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Places of Worship
Inside Sheffield Islamic Centre
Inside Sheffield's Islamic landmark
We went behind the scenes of Sheffield's biggest purpose-built mosque and Islamic Centre near London Road, which was funded by the community who use it.
Updated July 2008
A new landmark rises above the terraced houses of the Sharrow area of Sheffield. With its distinctive green domes and tall minarets, the city's biggest purpose-built mosque and Islamic Centre can't fail to grab the attention of locals and passing motorists.
The old Sheffield Islamic Centre
The Muslim community had been looking for a suitable building or site in the south of Sheffield for around a decade and a half. Building of the Masjid - the Arabic word for mosque - on Wolseley Road began in September 2004, when just £500,000 of the estimated £3.5m development costs had been raised. The local community who use the mosque put together the funds to build it.
A former Co-Op stood on the spot of the new mosque and it served as the Masjid for over twenty years. The new building was designed by Archi-Structure Ltd, one of the leading mosque architects in the UK.
Artist's impression of the mosque
In July 2008, the mosque on Wolseley Road is almost finished; the structure and the rooms are complete - it's just the minor detail (the painting, Arabic calligraphy and texts) which is unfinished. It will cost the community £100,000 just to paint the dome from the inside.
Treasurer and Trustee of Sheffield Islamic Centre, Nawaz Khan, speaks about the design of the new building: "We've built Islamic features into it. We've gone for very much a Persian design and mixed it into the local environment, with arches, windows, a dome and minarets."
Jhangir Ahmed and the Treasurer and Trustee Nawaz Khan took BBC Radio Sheffield's Gareth Evans on a tour around and explained to him about the dome, the washrooms and Muslim traditions.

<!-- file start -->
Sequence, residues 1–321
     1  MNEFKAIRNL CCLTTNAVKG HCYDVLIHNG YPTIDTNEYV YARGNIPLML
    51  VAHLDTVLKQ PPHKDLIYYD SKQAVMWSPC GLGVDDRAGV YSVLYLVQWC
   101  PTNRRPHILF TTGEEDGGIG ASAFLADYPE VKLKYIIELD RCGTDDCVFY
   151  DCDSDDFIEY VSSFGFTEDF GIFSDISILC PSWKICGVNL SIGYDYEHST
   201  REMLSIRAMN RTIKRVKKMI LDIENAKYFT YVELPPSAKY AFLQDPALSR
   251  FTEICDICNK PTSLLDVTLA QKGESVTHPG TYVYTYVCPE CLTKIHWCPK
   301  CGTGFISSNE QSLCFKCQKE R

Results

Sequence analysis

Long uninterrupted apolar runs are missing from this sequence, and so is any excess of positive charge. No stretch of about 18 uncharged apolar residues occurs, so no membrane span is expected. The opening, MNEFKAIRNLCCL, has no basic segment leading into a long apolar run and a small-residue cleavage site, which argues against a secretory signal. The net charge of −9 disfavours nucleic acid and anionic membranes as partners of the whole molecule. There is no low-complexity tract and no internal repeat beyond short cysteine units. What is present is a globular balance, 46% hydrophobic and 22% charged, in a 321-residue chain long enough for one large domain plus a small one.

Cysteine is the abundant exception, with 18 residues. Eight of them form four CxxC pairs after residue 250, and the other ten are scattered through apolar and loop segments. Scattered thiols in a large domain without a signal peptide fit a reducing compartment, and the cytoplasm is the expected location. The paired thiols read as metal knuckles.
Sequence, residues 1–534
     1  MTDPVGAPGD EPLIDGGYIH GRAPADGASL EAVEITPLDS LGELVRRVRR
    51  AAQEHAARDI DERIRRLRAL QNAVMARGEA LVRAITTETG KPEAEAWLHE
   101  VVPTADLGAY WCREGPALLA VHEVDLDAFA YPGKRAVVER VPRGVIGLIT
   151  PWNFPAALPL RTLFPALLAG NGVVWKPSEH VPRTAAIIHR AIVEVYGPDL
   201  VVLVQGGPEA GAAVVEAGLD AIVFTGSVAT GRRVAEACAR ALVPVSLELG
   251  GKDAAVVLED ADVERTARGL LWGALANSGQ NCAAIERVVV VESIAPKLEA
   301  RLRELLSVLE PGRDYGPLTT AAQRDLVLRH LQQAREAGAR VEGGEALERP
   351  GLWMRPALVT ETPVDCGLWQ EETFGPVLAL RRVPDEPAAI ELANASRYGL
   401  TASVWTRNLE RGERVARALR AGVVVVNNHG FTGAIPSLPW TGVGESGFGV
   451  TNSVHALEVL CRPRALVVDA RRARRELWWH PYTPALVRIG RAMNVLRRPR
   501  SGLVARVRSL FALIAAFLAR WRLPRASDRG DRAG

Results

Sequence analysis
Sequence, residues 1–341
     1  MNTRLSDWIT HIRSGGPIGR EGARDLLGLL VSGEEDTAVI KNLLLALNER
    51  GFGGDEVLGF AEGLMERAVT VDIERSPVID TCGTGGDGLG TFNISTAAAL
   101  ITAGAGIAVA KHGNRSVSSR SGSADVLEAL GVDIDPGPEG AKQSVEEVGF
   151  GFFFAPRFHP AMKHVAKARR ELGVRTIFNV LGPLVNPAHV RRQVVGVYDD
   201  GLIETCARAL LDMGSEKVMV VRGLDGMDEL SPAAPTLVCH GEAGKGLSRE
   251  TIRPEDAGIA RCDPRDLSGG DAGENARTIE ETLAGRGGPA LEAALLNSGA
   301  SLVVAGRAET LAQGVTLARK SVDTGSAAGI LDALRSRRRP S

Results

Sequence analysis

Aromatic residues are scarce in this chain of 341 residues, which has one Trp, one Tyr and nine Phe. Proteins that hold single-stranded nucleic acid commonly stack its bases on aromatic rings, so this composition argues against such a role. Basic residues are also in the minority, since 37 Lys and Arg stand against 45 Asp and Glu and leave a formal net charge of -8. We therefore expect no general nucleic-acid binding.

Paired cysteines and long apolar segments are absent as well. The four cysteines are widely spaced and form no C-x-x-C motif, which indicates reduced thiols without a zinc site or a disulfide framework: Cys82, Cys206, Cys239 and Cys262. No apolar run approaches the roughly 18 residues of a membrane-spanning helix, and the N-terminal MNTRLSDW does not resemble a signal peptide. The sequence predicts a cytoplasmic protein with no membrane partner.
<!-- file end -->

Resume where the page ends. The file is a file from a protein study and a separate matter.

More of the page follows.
"Muslims pray on the floor. At home, they have a mat but in a mosque it's impossible to provide everyone with a mat. So you take your shoes off and pray on the clean carpet," explains Jhangir.
As Gareth and Jhangir walk down the corridor they come to a large washing area with 26 sinks. "Muslims pray five times a day and there's a process of washing," says Jhangir. "Firstly you wash your hands, then wash your mouth out, run water through your nose, wash your face, arms, over your head, back of your neck so your hair's wet, then your feet and your ankles. When you wash, the lord wipes away your sins. So for example if you spoke anything bad then the lord will wash that away before you pray.
Nawaz Khan is Treasurer and Trustee of Sheffield Islamic Centre. He says the mosque is well-used.
"Approximately 1000 people will come to Friday prayer. There are a few hundred more in the holidays. The rest of the week, it's about 500 people coming in each day."
Gareth walks under the dome to hear the acoustics. "If you were at the back of the room you would be able to hear what was going on at the front. You don't need a mic even though it's a very big room!"
The room is surrounded by a balcony, specifically for the ladies. Gareth asks Nawaz why the segregation during prayers. "It's for religious reason. It's so no evil thoughts come to your mind when you are praying," says Nawaz.
Unlike many of the other major regeneration projects changing South Yorkshire's skyline, this build is paid for entirely by voluntary donations from the community who use it. So what leads a community to dig so deep in its pockets to construct on such a grand scale?
Azra, who can't wait for the new mosque to open.
Faith certainly plays a part and the Muslim community has a charitable tradition which sees a percentage of income and even young people's whole first pay packets being given to the mosque.
For many locals this is more than a place to pray: it has classrooms, a planned daycare centre for the elderly and will host inter-faith events. Anybody is welcome to visit the mosque - it's not just for Muslims.
last updated: 18/07/2008 at 11:27
Have Your Say
Have you visited the new Masjid building? What do you think of the mosque on Wolseley Road?
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